May 18th 2002


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Articles from this issue:

COVER STORY: U.S. Farm Bill ends free trade illusion

EDITORIAL: Paid maternity leave: who benefits?

Languishing Labor fills its quota

East Timor becomes independent on May 20

Straws in the Wind: Le System / Apocrypha: Dave's lost column / Ides of March / Sin

LAW: US repudiates International Criminal Court

MEDIA: Jonestown

Refugee response (letter)

Middle East (letter)

Swift solution (letter)

Neighbourly aid (letter)

Quarantine: NZ suspends California grape imports

HEALTH: The politics of AIDS in South Africa

OPINION: Media diversity: should the market decide?

TRADE: Oxfam report shows rigged rules of world trade

ASIA: Taiwan comes in from the cold

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Languishing Labor fills its quota


by News Weekly

News Weekly, May 18, 2002

Federal Labor's progress in moving on after its third successive defeat is increasingly a case of a platoon marching one step forward and two steps back.

While only the most optimistic Labor stalwarts were expecting a significant "bounce" from trading in Kim Beazley for Simon Crean, the Opposition has simply been drifting and clearly would have lost another election had it been held this month.

Howard's victory in the November election was no aberration, and senior Labor figures who tried on the ruse that the nation only swung behind Howard because of the events surrounding September 11 and the state of fear that engulfed the world at that time, are being exposed as time passes.

Easy options

If anything, the Labor Party under Crean looks further away from regaining government than at any time since 1996. Like his newly capped teeth, policy changes so far have been cosmetic and painless.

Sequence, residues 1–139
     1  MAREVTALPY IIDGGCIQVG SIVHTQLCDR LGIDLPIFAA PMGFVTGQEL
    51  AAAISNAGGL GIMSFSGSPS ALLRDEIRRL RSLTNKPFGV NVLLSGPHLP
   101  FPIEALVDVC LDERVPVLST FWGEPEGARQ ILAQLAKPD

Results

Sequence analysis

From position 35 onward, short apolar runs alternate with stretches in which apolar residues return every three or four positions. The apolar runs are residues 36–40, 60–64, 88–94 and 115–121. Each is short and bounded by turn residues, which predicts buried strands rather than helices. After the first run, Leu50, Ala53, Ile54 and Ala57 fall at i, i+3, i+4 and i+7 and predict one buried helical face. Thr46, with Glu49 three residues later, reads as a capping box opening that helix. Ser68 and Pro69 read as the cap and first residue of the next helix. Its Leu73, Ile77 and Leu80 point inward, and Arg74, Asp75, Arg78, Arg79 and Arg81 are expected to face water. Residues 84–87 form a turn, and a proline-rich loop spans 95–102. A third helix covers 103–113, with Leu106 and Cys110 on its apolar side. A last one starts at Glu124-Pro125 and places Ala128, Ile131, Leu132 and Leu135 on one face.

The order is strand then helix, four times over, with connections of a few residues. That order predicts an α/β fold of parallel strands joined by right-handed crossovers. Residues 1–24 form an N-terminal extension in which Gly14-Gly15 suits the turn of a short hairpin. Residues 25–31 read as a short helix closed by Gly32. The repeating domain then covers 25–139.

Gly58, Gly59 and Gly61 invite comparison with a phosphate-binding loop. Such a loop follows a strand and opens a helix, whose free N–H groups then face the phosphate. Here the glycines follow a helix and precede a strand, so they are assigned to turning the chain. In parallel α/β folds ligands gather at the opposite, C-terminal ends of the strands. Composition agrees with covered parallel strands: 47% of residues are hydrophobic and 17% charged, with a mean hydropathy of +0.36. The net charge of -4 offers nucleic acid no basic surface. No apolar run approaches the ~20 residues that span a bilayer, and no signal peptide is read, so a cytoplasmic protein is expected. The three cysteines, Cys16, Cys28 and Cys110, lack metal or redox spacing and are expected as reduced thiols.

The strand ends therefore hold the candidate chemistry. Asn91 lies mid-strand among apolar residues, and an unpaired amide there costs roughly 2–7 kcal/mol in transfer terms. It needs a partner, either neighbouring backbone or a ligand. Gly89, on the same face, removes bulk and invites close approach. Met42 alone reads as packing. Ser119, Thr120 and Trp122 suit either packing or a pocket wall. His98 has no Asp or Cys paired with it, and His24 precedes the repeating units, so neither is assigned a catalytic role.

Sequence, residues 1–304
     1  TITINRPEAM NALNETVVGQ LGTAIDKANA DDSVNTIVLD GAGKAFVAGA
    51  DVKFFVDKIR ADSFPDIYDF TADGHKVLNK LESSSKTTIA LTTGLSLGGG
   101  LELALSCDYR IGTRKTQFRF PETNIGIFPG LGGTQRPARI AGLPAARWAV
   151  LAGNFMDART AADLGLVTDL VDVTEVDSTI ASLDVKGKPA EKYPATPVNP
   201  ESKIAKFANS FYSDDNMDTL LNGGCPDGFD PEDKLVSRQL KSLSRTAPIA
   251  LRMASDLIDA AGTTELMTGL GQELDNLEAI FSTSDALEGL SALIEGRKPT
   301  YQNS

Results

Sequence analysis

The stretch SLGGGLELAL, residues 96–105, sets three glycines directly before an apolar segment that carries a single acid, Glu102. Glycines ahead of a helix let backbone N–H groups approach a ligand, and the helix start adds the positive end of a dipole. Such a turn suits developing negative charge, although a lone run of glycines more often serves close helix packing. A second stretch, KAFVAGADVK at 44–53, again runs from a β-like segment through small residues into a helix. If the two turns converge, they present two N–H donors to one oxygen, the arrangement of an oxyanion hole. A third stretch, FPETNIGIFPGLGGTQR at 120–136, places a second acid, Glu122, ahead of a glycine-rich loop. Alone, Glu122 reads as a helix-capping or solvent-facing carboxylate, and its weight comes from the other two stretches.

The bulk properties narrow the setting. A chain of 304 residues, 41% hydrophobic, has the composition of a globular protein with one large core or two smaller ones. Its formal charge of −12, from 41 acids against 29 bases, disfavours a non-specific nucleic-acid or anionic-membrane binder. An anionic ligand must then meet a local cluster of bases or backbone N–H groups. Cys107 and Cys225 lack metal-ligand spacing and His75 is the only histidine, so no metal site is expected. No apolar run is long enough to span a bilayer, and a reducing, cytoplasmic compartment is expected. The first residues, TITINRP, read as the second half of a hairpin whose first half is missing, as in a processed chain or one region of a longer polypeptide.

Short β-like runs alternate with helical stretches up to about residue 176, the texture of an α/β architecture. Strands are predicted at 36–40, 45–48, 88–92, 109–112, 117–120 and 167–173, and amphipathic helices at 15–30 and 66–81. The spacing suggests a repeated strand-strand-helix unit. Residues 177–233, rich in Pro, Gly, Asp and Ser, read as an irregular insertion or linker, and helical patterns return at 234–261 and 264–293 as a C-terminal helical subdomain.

The much-vaunted young and dynamic frontbench cannot raise a spark between them, apart, that is, from Sydney bruiser Mark Latham who is at least prepared to "have a go" at Peter Costello and Tony Abbott, even though having a go sometimes goes too far.

A corrosive rift has developed between the political and industrial wings of the party over the 60/40 rule, and some left-wing unions are close to disaffiliating from the party because they are getting fed up with Labor's lack of interest in local industry and jobs.

To add to Crean's problems in the Parliamentary party, most of the so-called enlightened left wing MPs blindly refuse to accept the peoples' verdict on border protection and the need for strong controls against illegal immigrants.

No wonder John Howard is having second thoughts about staying on for one final tilt at history. Even when Crean makes a small positive tactical move to junk a bad policy or step away from the Keating-Beazley eras of political correctness and timidity, another act of stupidity erases it.

The recent push by Labor women for 50 per cent of all safe Labor seats is a case in point.

Few things say more about our major political parties, which are so similar in so many of their policies, than the fact that the Liberal Party pre-selects women on talent and ability, while the Labor Party pre-selects on the basis of filling a quota.

The ALP quota currently demands that 35 per cent of all safe seats be given to women, and is a throwback to the Keating Prime Ministership. Keating liked to think of himself as a champion of women's causes, in the same way that he thought of himself as a Medici-like patron of the arts in the Antipodes.